Article

Journal of Structural and Functional Genomics

, Volume 10, Issue 2, pp 165-179

First online:

Open Access This content is freely available online to anyone, anywhere at any time.

The Center for Eukaryotic Structural Genomics

  • John L. MarkleyAffiliated withCenter for Eukaryotic Structural Genomics, Biochemistry Department, University of Wisconsin-Madison Email author 
  • , David J. AcetiAffiliated withCenter for Eukaryotic Structural Genomics, Biochemistry Department, University of Wisconsin-Madison
  • , Craig A. BingmanAffiliated withCenter for Eukaryotic Structural Genomics, Biochemistry Department, University of Wisconsin-Madison
  • , Brian G. FoxAffiliated withCenter for Eukaryotic Structural Genomics, Biochemistry Department, University of Wisconsin-Madison
  • , Ronnie O. FrederickAffiliated withCenter for Eukaryotic Structural Genomics, Biochemistry Department, University of Wisconsin-Madison
  • , Shin-ichi MakinoAffiliated withCenter for Eukaryotic Structural Genomics, Biochemistry Department, University of Wisconsin-Madison
  • , Karl W. NicholsAffiliated withCenter for Eukaryotic Structural Genomics, Biochemistry Department, University of Wisconsin-Madison
  • , George N. PhillipsJr.Affiliated withCenter for Eukaryotic Structural Genomics, Biochemistry Department, University of Wisconsin-Madison
  • , John G. PrimmAffiliated withCenter for Eukaryotic Structural Genomics, Biochemistry Department, University of Wisconsin-Madison
    • , Sarata C. SahuAffiliated withCenter for Eukaryotic Structural Genomics, Biochemistry Department, University of Wisconsin-Madison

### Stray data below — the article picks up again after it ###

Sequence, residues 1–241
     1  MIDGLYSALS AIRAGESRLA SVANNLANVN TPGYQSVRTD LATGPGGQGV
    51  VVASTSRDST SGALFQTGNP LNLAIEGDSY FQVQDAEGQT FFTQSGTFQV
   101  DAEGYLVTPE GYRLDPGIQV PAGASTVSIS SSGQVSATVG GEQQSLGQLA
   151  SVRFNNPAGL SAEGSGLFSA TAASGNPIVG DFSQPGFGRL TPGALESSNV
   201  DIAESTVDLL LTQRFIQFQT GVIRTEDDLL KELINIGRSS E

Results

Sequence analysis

• , Frank C. VojtikAffiliated withCenter for Eukaryotic Structural Genomics, Biochemistry Department, University of Wisconsin-Madison
    • , Brian F. VolkmanAffiliated withCenter for Eukaryotic Structural Genomics, Biochemistry Department, Medical College of Wisconsin
    • , Russell L. WrobelAffiliated withCenter for Eukaryotic Structural Genomics, Biochemistry Department, University of Wisconsin-Madison
    • , Zsolt ZolnaiAffiliated withCenter for Eukaryotic Structural Genomics, Biochemistry Department, University of Wisconsin-Madison

Abstract

The Center for Eukaryotic Structural Genomics (CESG) is a “specialized” or “technology development” center supported by the Protein Structure Initiative (PSI). CESG’s mission is to develop improved methods for the high-throughput solution of structures from eukaryotic proteins, with a very strong weighting toward human proteins of biomedical relevance. During the first three years of PSI-2, CESG selected targets representing 601 proteins from Homo sapiens, 33 from mouse, 10 from rat, 139 from Galdieria sulphuraria, 35 from Arabidopsis thaliana, 96 from Cyanidioschyzon merolae, 80 from Plasmodium falciparum, 24 from yeast, and about 25 from other eukaryotes. Notably, 30% of all structures of human proteins solved by the PSI Centers were determined at CESG. Whereas eukaryotic proteins generally are considered to be much more challenging targets than prokaryotic proteins, the technology now in place at CESG yields success rates that are comparable to those of the large production centers that work primarily on prokaryotic proteins. We describe here the technological innovations that underlie CESG’s platforms for bioinformatics and laboratory information management, target selection, protein production, and structure determination by X-ray crystallography or NMR spectroscopy.

Keywords

CESG LIMS PSI Materials Repository Protein Structure Initiative (PSI) PepcDB Plasmid design Protein production Protein structure determination TEV protease